Discover NYC Landmarks With a New Interactive Map
Looking to learn more about this beautiful city and the architecture in it? A new tool has got you covered. The new interactive map produced by the city’s Landmarks Preservation Commission (LPC), is simple to use and provides the user with lots of interesting information. The Discover NYC Landmarks map contains extensive details about each of the 141 historic districts of the city. In addition, with just a click, users can find detailed information about almost 34,000 individual buildings.
The original version of the map, which was launched early in 2016, pinpointed over 1,400 city landmarks. It included scenic landmarks, historic districts, interiors, and individual buildings. The new version delineates each historic district in light tan with individual buildings shown in a darker shade. Individual landmark buildings are identified in pink. Blue circles mark Interior Landmarks, while gray circles represent Calendared Individual / Interior Landmarks, that is, those which are currently under consideration by the LPC.
A pop-up screen appears with a click on any of these symbols. For the historic districts, the complete name appears along with the borough in which it is located, and the designation date. There is also a link to the landmark designation report which opens a PDF in a new tab. A click on a dark tan building reveals its name, date of construction, the architect or builder and the owner or developer. It also notes the style, construction material, and also if it has undergone any alterations. In addition, the building type, along with its original use, and its tax block and lot are noted.
A click on any pink area- an individual landmark building, or a blue spot -an interior landmark, reveals its landmark type and designation date, along with its complete address, the architect, style and the construction date. Again, there is a link to the landmarks designation report.
Additionally, the ‘Landmarks near me’ tab lets the user enter an address and find a landmark found within a chosen distance from their location. The bottom tab lists hundreds of different primary building styles, such as Gothic, Regency or Queen Anne. There are also several hundred names of individual architects or builders, and many different building types. There are fourteen separate construction eras to choose from. These options allow users to employ either a quick, or advanced, filter to refine their searches and quickly and easily find whatever they are looking for.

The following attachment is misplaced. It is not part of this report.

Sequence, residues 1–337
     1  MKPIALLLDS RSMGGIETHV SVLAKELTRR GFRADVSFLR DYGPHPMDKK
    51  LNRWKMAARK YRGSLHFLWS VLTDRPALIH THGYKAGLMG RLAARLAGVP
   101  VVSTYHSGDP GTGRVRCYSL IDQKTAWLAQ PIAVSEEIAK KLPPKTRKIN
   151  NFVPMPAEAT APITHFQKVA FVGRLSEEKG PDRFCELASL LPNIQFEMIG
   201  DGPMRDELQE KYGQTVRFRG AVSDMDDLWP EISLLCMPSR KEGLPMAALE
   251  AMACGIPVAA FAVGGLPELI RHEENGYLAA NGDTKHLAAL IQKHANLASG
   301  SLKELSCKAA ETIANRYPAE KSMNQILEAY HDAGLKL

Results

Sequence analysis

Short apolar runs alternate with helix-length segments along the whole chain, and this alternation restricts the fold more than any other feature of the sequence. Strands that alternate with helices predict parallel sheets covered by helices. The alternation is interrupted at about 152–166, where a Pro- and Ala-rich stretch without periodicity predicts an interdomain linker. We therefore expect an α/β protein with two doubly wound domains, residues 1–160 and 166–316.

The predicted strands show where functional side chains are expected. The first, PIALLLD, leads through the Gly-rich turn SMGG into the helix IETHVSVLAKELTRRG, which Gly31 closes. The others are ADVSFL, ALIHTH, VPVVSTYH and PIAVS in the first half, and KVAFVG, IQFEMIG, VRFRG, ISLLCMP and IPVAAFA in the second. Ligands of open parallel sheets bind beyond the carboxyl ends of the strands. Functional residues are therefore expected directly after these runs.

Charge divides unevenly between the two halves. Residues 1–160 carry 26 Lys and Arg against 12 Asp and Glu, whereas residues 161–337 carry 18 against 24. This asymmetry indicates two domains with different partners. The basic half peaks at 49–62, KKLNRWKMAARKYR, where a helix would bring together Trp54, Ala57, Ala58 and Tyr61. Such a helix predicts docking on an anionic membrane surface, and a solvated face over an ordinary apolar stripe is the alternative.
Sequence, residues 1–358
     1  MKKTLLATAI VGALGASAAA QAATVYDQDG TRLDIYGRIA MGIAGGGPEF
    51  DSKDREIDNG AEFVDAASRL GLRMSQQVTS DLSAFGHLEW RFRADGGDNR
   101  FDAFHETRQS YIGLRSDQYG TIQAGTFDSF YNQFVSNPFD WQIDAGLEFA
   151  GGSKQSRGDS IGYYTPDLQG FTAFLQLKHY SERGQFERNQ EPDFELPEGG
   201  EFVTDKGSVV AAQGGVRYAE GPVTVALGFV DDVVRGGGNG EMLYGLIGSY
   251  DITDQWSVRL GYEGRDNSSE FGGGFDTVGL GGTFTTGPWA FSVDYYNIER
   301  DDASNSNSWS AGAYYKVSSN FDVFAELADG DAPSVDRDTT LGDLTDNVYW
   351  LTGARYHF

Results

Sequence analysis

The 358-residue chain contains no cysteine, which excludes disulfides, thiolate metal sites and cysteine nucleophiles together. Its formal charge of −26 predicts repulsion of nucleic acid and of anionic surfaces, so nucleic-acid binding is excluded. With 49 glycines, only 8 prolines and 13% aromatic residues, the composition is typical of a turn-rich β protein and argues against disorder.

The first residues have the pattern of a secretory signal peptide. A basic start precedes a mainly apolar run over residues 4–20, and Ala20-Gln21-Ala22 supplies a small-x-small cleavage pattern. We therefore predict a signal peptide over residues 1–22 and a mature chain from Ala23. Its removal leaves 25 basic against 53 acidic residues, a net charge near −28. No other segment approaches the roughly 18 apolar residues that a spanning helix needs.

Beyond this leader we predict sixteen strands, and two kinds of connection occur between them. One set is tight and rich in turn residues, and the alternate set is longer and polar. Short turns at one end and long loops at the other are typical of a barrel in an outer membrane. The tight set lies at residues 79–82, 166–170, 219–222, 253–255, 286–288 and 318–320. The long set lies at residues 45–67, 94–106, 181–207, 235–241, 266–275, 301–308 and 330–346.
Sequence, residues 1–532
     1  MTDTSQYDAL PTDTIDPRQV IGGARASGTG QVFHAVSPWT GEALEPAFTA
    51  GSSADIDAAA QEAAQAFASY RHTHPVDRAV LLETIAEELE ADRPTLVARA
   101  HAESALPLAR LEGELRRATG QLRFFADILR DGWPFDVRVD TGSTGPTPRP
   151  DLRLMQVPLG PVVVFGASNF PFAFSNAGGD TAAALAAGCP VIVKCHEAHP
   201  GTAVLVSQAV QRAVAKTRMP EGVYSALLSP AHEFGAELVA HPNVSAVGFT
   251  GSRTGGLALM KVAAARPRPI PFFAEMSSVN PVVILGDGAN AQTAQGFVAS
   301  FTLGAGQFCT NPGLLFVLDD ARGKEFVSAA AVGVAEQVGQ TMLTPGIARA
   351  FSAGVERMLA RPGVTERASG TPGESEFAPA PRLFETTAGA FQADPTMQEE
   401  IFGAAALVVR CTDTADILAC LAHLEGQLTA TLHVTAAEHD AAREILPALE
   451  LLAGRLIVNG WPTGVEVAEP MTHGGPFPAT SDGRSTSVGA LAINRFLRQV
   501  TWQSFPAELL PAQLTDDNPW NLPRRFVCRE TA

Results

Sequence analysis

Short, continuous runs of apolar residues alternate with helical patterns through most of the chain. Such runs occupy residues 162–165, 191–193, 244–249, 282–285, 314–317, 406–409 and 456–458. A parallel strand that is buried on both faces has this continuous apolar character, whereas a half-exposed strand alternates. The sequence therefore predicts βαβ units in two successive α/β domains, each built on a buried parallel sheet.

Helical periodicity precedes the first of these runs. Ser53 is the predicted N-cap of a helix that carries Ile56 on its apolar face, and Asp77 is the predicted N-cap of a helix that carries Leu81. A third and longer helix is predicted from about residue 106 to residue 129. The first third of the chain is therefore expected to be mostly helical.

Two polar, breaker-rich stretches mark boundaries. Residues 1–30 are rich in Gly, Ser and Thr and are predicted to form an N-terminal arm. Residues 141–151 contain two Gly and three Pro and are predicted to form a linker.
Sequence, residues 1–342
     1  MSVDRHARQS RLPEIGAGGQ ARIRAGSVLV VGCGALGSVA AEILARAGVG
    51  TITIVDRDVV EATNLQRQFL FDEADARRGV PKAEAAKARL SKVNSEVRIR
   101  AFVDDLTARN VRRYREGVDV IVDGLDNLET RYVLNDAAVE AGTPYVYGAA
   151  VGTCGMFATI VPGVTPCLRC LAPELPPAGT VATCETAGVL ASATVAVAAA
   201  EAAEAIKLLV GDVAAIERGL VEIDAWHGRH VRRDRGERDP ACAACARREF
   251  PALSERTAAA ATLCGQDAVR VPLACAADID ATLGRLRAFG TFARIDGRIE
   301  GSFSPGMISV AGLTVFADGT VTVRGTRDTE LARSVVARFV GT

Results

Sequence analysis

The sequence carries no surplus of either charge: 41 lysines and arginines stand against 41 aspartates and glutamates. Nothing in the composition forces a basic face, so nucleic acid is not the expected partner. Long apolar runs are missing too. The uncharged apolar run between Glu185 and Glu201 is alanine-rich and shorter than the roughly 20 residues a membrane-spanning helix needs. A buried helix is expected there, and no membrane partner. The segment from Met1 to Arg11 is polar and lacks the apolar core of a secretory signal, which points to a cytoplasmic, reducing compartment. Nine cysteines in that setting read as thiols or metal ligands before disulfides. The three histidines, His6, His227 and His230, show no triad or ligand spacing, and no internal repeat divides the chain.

The amount of information on the site is impressive, and the LPC encourages people to get in touch with them at this contact page if users have any questions or suggestions. Part of the idea behind the development of the interactive map was to increase the transparency and efficiently of the LPC and to improve the public’s access to the information contained in the agency. They hope that not only historians and academics will find the information of interest, but anyone who is curious about the history of NYC. Community groups, stakeholders, and homeowners can find a wealth of knowledge about their neighborhood and their own buildings. This can serve to strengthen community spirit, promote perseveration projects and enhance residents' appreciation for their neighborhood.
The LPC has also begun the make presentation material available to the public online before their weekly meetings. They are making their application process easier, and are launching new online tools to help people in their research. The goal is to encourage New Yorkers to value and respect their history and to actively preserve it for the future generations.